I lift two heavy buckets of green beans fresh from the garden up onto the kitchen sink. The knees of my old worn khakis are dark-wet from kneeling to pick while the long green pods hold drops from morning’s brief shower. Soon I will hear the hiss and rattle of the canner, the seal of completion on our gardening commitment, completed while the low sun still casts long shadows west across the pasture.
There is a deep satisfaction in this harvest. And with my part done, I sit on the front porch swing with a sense of having finished a rural ritual whose roots go back to April and beyond, an annual liturgy whose sacraments are soil and seed blessed by sun and rain.
At satisfied moments like this when all seems well with the world, I think how fine it would be if I could only hand this day whole, this season, this time and place in my life like a runner’s baton to the next generation, to our children and theirs, who might inherit this same soil from which they will gather beans, occasional moments of tranquility and their daily living; that they might know freedom from want and the pleasures of toil and of harvest from a landscape to which they truly and with gratitude belong: that is my hope.
I think a good bit more about what will come when I’m gone than I once did, here in the September of my life.
But by virtue of our sheer numbers and especially by the excesses and indulgences of our living, I and my fellow guests on the planet just now will leave the accommodations in a significantly less durable state of order when we move on than when we moved in just after the second World War.
Those future generations that I wistfully imagined might, from this front porch, experience the summers of their lives cannot simply by default expect to maintain the status quo, nor can they be satisfied to repeat the errors of omission or commission of our generation. They will have the new challenges of disrupted weather patterns and climate shift along with much, much more expensive energy costs in a very crowded world.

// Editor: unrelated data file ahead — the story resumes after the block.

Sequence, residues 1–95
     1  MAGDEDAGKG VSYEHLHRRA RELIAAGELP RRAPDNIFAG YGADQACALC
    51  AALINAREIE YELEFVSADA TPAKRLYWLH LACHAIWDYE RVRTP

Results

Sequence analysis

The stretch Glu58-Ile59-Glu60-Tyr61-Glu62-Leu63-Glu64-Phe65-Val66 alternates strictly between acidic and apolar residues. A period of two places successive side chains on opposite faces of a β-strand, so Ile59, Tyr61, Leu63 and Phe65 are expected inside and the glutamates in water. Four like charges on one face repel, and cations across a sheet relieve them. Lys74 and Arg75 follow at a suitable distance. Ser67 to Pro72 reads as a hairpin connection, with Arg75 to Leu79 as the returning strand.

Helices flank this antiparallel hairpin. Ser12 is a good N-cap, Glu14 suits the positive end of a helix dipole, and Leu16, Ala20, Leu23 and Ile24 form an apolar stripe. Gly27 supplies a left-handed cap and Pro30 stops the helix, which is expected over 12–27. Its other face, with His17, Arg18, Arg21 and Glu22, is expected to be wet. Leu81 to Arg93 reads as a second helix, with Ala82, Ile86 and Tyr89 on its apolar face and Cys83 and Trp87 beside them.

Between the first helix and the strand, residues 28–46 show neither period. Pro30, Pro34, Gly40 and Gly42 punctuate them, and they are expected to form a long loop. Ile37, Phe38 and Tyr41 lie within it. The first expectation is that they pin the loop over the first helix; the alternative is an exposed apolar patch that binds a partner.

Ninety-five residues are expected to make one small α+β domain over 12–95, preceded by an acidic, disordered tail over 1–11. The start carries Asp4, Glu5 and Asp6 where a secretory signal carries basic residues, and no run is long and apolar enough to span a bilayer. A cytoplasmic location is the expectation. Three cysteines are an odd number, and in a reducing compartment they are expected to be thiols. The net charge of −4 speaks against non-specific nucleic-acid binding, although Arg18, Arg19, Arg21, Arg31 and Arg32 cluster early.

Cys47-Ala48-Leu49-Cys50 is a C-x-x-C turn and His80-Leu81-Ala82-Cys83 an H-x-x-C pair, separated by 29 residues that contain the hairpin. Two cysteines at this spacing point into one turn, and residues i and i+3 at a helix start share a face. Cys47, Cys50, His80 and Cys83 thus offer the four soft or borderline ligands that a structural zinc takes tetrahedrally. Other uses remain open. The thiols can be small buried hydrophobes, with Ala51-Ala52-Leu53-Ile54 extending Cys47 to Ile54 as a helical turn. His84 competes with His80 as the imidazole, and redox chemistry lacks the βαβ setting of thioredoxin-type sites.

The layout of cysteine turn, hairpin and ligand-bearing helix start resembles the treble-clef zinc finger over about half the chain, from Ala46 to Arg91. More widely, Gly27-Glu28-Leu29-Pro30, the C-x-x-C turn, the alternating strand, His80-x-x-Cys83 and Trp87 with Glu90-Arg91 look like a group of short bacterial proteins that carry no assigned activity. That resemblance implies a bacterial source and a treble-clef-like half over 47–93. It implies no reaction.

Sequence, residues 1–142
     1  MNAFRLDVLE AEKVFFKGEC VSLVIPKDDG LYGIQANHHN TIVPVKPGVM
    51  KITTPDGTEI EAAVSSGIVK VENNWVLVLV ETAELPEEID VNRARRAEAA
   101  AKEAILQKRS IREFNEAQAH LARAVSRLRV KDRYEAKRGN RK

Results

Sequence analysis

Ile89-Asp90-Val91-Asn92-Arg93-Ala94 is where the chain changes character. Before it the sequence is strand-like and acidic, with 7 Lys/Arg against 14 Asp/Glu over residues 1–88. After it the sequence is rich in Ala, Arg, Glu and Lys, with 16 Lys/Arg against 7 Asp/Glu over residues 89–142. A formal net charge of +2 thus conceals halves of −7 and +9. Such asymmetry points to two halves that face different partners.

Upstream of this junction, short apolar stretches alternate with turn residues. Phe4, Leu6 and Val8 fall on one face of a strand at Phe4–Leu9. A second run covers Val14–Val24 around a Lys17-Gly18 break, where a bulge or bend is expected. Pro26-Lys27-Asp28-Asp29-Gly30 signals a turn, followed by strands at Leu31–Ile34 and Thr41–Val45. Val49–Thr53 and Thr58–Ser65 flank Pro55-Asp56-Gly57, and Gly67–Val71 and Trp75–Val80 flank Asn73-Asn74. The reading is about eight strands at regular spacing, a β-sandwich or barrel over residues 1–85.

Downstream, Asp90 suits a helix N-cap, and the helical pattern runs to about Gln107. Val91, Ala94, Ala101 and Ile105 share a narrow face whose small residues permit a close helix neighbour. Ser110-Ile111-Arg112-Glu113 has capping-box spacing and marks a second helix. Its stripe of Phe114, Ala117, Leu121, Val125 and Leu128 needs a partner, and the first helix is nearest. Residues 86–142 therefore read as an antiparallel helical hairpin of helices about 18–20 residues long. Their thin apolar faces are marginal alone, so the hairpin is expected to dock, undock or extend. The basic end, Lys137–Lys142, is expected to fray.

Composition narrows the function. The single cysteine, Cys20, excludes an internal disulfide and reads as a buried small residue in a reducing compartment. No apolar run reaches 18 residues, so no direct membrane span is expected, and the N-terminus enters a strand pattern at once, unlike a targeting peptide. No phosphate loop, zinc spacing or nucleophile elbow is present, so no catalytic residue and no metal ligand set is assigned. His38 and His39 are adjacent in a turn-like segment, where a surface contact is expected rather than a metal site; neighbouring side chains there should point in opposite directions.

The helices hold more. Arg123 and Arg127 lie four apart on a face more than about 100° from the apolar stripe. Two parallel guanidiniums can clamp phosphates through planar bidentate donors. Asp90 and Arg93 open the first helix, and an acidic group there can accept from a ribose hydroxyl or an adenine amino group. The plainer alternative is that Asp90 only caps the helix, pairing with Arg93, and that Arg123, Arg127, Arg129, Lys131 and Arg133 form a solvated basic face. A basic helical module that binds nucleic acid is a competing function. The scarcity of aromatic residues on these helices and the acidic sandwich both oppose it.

But they can still have good and honorable and meaningful lives. They can aspire to an adequate and sustainable standard of living. But the standards, the scales by which we have measured the goodness of our lives, are going to have to be much different from the Baby Boomer expectations and entitlements that have been the norm for fifty years.
And strangely enough, as I consider what it might take to set things right, many of those new standards of how we must treat the earth and each other may be the old standards that guided our grandparents’ relationships to each other and the land: consider how you treat the least of your fellow men; bigger barns aren’t always better; don’t covet; it is more blessed to give; think of others more highly than yourselves; love your neighbor; be the servant of all; invest your talents, and be good stewards.
If in this way we set our hearts and minds upon the matter now, it may be that we can change course even yet. Perhaps we might leave a legacy of improving health for earth’s people and creatures, for air and soil, forests and oceans–a transformation that can only come from a marriage of humility and wisdom with knowledge and ingenuity. My hope is that all of our children and grandchildren who live in these green hills after us will look back and acknowledge this as their inheritance from our generation.By Fred First [email protected]